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Impressive comps for Acuña's first 162 games

@AndrewSimonMLB
May 25, 2019

On Friday night in St. Louis, Ronald Acuña Jr. played the 162nd game of his career for the Braves, giving him the equivalent of one full Major League season under his belt since his debut last April 25. Acuña arrives at that milestone at a young age, as he won't

On Friday night in St. Louis, Ronald Acuña Jr. played the 162nd game of his career for the Braves, giving him the equivalent of one full Major League season under his belt since his debut last April 25.

Acuña arrives at that milestone at a young age, as he won't turn 22 until December. The dynamic outfielder already owns a National League Rookie of the Year Award and a memorable October moment, having become the youngest to hit a postseason grand slam -- off the Dodgers' Walker Buehler in Game 3 of last year's NL Division Series.

Acuña also has provided stellar production. Here is his career stat line through 162 games: .289/.367/.533 with 32 doubles, five triples, 37 home runs, 95 RBIs and 113 runs scored

Among all MLB hitters with at least 600 plate appearances since the beginning of 2018, Acuña ranks 12th in wRC+ (138), just behind teammate Freddie Freeman and ahead of the Cardinals' Paul Goldschmidt. Depending on whether you use the versions of WAR available at Baseball Reference (6.4) or FanGraphs (5.4) -- which factor in different evaluations of his defense -- Acuña either ranks just outside the top 20 or top 30 among position players.

Acuña's performance is all the more impressive given his lack of age and experience. He remains younger than many college players who will be picked in the upcoming Draft, and at this time two years ago, he had just been promoted to Double-A for the first time.

It should be noted that Acuña isn't entirely alone among his peers. The Nationals' Juan Soto, the runner-up Acuña bested in last year's NL Rookie of the Year voting, is even younger and has posted comparable numbers, at least on the offensive side, through 157 games. And the Dodgers' Cody Bellinger had a .911 OPS and 43 homers in his first 162 games through last May 2, although he was about four months older upon his MLB debut than Acuña is now.

Looking back through baseball history, it's tough to find comparable hitters. Acuña and Soto are currently two of just 11 hitters who have debuted in the past 70 years to post a wRC+ of 130 or better in 600-plus plate appearances through age 21. The others are almost all baseball legends.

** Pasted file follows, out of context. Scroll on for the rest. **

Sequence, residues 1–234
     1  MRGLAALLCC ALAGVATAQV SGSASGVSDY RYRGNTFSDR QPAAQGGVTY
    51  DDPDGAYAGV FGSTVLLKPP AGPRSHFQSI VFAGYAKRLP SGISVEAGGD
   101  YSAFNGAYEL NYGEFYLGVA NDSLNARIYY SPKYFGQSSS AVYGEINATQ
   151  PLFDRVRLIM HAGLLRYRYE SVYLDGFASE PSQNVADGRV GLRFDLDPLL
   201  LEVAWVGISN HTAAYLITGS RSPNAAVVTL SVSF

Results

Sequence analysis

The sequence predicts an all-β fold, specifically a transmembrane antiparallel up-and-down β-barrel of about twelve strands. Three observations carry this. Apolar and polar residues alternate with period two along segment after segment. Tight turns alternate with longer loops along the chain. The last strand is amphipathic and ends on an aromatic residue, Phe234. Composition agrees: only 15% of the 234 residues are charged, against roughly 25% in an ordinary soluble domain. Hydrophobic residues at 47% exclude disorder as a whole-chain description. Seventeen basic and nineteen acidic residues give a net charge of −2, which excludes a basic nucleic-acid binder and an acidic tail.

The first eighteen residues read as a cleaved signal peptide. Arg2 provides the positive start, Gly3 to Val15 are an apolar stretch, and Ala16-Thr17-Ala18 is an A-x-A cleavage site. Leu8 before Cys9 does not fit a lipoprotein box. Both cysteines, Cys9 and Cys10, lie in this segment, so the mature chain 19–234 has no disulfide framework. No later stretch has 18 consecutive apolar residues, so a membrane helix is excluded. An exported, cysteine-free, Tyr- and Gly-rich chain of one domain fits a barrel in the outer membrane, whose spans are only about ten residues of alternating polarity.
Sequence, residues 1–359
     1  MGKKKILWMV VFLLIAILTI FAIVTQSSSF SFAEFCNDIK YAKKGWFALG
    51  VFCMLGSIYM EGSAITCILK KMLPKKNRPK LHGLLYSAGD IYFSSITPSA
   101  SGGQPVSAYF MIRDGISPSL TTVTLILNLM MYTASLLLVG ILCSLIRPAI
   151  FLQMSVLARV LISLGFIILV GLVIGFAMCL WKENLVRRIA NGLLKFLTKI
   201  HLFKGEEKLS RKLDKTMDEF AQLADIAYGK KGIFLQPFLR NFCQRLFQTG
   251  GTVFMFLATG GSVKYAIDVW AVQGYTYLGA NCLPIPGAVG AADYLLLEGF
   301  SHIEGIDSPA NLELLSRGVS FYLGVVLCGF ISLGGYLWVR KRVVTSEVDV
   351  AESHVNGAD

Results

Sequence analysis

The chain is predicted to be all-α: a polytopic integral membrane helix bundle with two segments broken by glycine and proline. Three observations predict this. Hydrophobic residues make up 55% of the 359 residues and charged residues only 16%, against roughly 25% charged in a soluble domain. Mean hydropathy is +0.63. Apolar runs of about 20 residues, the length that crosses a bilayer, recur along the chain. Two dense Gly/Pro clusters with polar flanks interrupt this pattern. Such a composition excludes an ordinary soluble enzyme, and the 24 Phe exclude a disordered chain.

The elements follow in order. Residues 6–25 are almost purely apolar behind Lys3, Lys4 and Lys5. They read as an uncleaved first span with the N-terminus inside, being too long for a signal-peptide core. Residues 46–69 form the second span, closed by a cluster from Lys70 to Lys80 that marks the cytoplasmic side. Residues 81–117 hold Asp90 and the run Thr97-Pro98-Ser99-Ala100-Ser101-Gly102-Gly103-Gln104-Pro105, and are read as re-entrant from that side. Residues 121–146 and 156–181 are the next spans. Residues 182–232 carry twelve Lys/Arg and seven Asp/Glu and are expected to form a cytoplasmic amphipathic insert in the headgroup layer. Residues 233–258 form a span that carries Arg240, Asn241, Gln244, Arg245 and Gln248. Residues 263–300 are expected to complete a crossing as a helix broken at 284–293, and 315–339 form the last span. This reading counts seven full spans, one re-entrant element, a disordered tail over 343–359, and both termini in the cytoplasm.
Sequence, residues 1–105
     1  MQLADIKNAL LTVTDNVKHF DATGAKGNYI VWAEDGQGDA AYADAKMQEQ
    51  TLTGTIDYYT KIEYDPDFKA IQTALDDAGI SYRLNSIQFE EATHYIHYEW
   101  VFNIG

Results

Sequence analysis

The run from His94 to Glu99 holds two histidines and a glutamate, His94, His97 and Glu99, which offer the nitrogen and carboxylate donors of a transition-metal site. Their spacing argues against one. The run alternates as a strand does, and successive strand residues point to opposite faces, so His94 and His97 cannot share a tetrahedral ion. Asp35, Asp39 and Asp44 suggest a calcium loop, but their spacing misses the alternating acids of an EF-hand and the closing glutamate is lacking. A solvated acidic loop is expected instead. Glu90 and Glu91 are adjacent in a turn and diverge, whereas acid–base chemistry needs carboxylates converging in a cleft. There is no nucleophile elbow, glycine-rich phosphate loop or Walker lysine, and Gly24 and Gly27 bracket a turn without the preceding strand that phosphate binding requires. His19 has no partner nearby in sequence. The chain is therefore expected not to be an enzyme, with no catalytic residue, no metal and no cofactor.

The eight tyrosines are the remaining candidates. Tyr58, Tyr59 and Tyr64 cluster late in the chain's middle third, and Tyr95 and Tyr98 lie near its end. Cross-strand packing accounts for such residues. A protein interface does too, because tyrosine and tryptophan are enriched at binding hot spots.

With that in mind, here is a look at how Acuña's first 162 games stack up against others who also got to that point before they were 22.

Acuña's .289 BA is comparable to: Manny Machado (.287, 2012-13)
There aren't many high-average hitters these days, with just 14 batting .300 or better over 600-plus plate appearances since the start of last season. But Acuña is striking out at a rate below the MLB average this year, while making hard contact at an elite rate (47.9 percent). That's a good recipe for racking up base hits.

Acuña's .367 OBP is comparable to: Alex Rodriguez (.367, 1994-96)
Acuña has walked in roughly 10 percent of his career plate appearances, better than MLB average. He's not particularly prone to chasing out of the zone and also has been hit by 10 pitches.

Acuña's .533 SLG is comparable to: Mike Trout (.531, 2011-12)
Trout struggled in his 40-game debut in 2011 before breaking out the next year, at age 20. Acuña has hit basically from day one. Roughly 14 percent of his career batted balls have been barrels -- having an optimal combination of exit velocity and launch angle -- on par with the likes of Nelson Cruz, Christian Yelich and Justin Upton over that span.

Acuña's 138 wRC+ is comparable to: Bryce Harper (137, 2012-13)
Harper was even younger (19) when he debuted, and like Acuña, showed right away he wasn't overwhelmed or overmatched in the big leagues. An era- and park-adjusted offensive stat, wRC+ has a league average of 100. A few notable hitters who fell between 135-140 for their careers: Vladimir Guerrero, Reggie Jackson and David Ortiz.

Acuña's 37 HR are comparable to: Giancarlo Stanton (38, 2010-11)
The home run environment is a bit more favorable now than it was when Stanton arrived, but there is nothing cheap about Acuña's big flies. His 106.9 mph average exit velocity on homers is well above average, and only the Rockies' Trevor Story has a longer average distance than Acuña (415 feet) among those with 30-plus homers since last season.

Acuña's 21 SB are comparable to: Ken Griffey Jr. (22, 1989-90)
Griffey went on to steal 167 bases through the end of his 20s before slowing down, and Acuña has the chance to rack up plenty of thefts, too. His average sprint speed has been over 29 ft/sec in both 2018 and '19, well above the MLB average (27 ft/sec). Overall, Acuña's baserunning has been worth about four extra runs in his career, according to FanGraphs.

Acuña's 6.4 bWAR is comparable to: Albert Pujols (6.6, 2001)
Pujols didn't debut until he was 21, but that was on Opening Day of the 2001 season, when he went on to play 161 games and immediately establish himself among the game's elite. Pujols was the superior hitter, but Acuña's all-around game brings the two roughly even.

Andrew Simon is a research analyst for MLB.com. Follow him on Twitter @AndrewSimonMLB.